If I have learned anything from TV and movies, it is that finger prints will always perfectly identify the culprit. This dramatization has deeply ingrained a trust in finger print technology, and I have never thought twice about using a finger print to sign into my phone, or unlock my front door. The reality is not as simple as I had believed. This is part 1 of a 2 part series. The primary purpose is to give you a full understanding of your fingerprints, and how they are used to identify you. The second part will go into depth with concerns and pitfalls with using your fingerprints as an authentication method, and offer you some additional thoughts to improve your security.
The thing we call finger prints are an evolutionary trait also referred to as friction ridges, and they have a very neat affect on our sense of touch; allowing us to differentiate extremely small differences in height (Nature.com), or sense very small vibrations (Nature.com). We develop our fingerprints in the womb, and they will never drastically change throughout our lifetime. The cause of this permanence is found below the surface of the skin, in the interface of the dermis and epidermis and the unique pattern is generated by the papillae. During our development, random pressures, and movements within the womb generate these folds creating a unique outcome. There is evidence to show that some patterns can be hereditary, every finger print as a whole is considered unique (Scientific American).
Fingerprints have been used as a unique signature for thousands of years, beginning with ancient Babylon, where a contract was drawn up in clay, and both parties left their thumbprint to prevent forgery and repudiation. Around the same era, China was using ink to impress thumbprints on paper contracts. In the mid-to-late 1800’s comparing fingerprints had become an effective tool at identifying a perpetrator (Wikipedia). Multiple systems were simultaneously created, resulting in the Henry Classification System becoming the dominant method of classification.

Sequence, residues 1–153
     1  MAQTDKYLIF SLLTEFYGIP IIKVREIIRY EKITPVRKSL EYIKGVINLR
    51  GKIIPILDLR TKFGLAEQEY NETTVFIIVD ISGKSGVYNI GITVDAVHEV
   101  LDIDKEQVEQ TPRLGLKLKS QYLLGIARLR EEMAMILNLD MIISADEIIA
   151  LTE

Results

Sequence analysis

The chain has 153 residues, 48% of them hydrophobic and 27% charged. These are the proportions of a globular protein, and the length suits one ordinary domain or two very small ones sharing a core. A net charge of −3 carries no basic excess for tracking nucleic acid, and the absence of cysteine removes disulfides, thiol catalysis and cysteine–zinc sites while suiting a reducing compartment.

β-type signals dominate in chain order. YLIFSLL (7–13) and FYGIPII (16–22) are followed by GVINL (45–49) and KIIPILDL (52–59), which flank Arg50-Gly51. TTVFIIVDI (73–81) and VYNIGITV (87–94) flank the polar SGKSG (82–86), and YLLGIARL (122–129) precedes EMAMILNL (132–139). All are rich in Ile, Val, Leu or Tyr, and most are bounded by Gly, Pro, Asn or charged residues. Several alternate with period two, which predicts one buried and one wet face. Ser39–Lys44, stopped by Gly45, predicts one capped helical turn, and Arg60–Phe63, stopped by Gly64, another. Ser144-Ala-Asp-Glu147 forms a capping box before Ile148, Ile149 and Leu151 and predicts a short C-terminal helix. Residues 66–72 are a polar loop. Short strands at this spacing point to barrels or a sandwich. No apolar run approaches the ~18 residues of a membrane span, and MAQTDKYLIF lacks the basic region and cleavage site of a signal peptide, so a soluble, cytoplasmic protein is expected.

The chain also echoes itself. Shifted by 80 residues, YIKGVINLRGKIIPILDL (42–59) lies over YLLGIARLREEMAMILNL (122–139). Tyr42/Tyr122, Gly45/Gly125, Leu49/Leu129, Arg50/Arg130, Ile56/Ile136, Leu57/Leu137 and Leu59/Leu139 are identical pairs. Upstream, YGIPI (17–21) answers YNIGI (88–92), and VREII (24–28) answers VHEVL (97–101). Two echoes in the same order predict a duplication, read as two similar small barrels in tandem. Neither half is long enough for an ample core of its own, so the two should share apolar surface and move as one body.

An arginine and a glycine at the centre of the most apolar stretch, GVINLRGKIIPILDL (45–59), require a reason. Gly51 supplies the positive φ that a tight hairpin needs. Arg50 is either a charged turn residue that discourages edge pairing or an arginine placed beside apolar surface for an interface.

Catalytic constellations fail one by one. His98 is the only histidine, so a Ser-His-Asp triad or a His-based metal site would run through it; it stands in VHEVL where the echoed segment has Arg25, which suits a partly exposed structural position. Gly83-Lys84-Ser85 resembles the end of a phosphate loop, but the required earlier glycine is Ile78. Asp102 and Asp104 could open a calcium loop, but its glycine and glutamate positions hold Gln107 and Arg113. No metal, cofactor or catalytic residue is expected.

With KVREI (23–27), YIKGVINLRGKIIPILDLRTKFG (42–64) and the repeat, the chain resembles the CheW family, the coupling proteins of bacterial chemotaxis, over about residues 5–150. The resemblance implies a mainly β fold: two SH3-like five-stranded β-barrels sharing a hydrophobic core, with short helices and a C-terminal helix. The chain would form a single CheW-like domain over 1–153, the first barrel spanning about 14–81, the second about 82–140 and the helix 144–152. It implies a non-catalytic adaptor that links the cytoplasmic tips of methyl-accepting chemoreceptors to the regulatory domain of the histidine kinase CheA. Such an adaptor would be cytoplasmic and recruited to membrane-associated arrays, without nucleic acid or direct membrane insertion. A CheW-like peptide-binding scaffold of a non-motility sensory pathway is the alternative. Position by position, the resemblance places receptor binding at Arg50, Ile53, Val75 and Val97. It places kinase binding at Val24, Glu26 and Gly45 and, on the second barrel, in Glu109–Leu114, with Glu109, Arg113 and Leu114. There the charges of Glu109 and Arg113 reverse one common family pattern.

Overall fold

Fingerprint analysis (also known as Dactyloscopy) aims to identify, categorize and quantify the unique features found on the pads of your fingers, and toes. The Henry Classification System contains three basic patterns are: The Arch, The Loop, and the Whorl. These categories can have sub-categories, like tented arch for example, and may also be classified by which hand and finger they occur on. Basically this methodology uses a simple mathematical formula created from the details of a set of prints, and generates a system of indexing, where it became possible to greatly reduce the number of comparisons needed to identify an unknown print.